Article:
May 9 (Bloomberg) -- HJ Heinz Co., the ketchup maker taken private by Berkshire Hathaway Inc. and 3G Capital, projected severance cost from factory closures will climb to $93 million as the company shutters two European plants.
The new figure was disclosed in a first-quarter regulatory filing today and compares with the $63 million sum listed in the annual report for 2013. Heinz said in February that it was planning shutdowns in Seesen, Germany, and Turnhout, Belgium, after last year announcing closures in Florence, South Carolina; Pocatello, Idaho; and Leamington, Ontario.
Berkshire, led by billionaire Warren Buffett, provided financing last year for the $23.3 billion takeover while Jorge Paulo Lemann’s 3G has been running operations. 3G has replaced executives while cutting jobs and reducing office costs. Buffett, who typically leaves management in place, has said he’d welcome more deals with the buyout firm.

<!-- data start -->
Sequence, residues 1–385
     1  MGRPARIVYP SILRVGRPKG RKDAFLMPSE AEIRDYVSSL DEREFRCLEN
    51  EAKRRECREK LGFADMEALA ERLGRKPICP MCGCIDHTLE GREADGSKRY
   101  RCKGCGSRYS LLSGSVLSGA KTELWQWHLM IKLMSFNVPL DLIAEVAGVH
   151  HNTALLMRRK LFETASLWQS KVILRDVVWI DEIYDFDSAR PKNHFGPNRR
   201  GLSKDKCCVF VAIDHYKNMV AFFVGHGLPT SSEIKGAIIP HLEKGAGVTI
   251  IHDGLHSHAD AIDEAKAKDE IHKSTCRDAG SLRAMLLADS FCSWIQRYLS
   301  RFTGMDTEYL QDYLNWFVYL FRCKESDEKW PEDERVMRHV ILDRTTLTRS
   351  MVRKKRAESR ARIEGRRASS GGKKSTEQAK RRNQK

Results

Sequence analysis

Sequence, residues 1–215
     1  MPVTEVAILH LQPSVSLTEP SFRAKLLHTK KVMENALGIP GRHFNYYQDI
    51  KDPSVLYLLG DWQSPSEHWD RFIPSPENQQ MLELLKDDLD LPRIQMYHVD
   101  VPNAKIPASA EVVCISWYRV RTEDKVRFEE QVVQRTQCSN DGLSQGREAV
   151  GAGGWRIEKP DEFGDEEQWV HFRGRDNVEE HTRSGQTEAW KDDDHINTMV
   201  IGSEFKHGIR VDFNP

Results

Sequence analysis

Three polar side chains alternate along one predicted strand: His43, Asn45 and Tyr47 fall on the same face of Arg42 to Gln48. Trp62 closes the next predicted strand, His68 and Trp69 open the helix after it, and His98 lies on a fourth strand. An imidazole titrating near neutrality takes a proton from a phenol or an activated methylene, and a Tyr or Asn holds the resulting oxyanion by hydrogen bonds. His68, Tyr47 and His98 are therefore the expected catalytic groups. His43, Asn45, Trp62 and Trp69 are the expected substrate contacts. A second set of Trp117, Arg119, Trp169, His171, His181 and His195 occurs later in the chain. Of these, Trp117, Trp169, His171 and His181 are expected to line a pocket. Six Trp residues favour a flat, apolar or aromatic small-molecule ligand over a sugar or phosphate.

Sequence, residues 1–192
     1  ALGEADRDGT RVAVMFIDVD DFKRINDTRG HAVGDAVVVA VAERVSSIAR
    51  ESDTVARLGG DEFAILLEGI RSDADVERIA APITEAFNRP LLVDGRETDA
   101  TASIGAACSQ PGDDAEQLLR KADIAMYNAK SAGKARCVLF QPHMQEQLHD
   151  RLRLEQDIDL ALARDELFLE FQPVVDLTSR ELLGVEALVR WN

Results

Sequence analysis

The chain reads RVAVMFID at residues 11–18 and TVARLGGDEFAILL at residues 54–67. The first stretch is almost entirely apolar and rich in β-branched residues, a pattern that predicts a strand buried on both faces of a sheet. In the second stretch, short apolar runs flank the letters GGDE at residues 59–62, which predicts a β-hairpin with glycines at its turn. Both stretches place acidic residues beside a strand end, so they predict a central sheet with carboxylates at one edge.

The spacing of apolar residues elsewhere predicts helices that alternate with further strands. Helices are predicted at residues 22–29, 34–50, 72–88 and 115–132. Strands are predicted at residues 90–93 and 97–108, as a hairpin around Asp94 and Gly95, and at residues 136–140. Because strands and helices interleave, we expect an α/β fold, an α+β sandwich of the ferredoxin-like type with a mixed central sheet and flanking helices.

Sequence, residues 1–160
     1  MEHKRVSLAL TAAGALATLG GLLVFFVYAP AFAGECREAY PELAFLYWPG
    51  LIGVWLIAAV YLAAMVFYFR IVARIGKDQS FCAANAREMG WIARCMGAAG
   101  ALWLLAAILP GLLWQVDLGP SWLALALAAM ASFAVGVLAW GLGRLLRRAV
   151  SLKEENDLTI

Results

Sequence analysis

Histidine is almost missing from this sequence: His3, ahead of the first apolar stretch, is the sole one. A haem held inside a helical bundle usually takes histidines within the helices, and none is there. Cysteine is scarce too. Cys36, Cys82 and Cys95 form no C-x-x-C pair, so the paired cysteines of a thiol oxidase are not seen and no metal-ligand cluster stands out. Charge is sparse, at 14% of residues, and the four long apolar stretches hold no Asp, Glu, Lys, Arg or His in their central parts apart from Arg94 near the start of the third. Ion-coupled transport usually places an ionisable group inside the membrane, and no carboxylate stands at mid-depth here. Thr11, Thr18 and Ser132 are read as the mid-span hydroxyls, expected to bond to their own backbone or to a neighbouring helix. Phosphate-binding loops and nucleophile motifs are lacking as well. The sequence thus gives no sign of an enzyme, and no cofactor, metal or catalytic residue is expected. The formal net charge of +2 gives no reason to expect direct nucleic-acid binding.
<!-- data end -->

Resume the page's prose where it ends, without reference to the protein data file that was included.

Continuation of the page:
“3G does a magnificent job of running businesses,” Buffett said at his company’s annual meeting on May 3 in Omaha, Nebraska. His firm gets a 9 percent annual dividend on $8 billion of preferred stock in the ketchup maker.
The number of jobs lost in the five factory closures will be about 1,650, according to today’s filing. The figure was 1,350 from the three North American closures.
About $48.6 million of the severance costs had been incurred through March 30, Heinz said. Heinz said in February that it was discussing the planned closures in Europe with worker representatives.
“We have reached agreement on the economic rationale and social plans with employee representatives at Seesen and Turnhout and are now planning phased production transfer and site closures,” Michael Mullen, a spokesman for Pittsburgh- based Heinz, said in an e-mail today.
First-quarter profit climbed 9.8 percent to $195.2 million as lower expenses cushioned a decline in sales, Heinz said in today’s filing. Berkshire got about $188 million of that sum, mostly from from its preferred stake.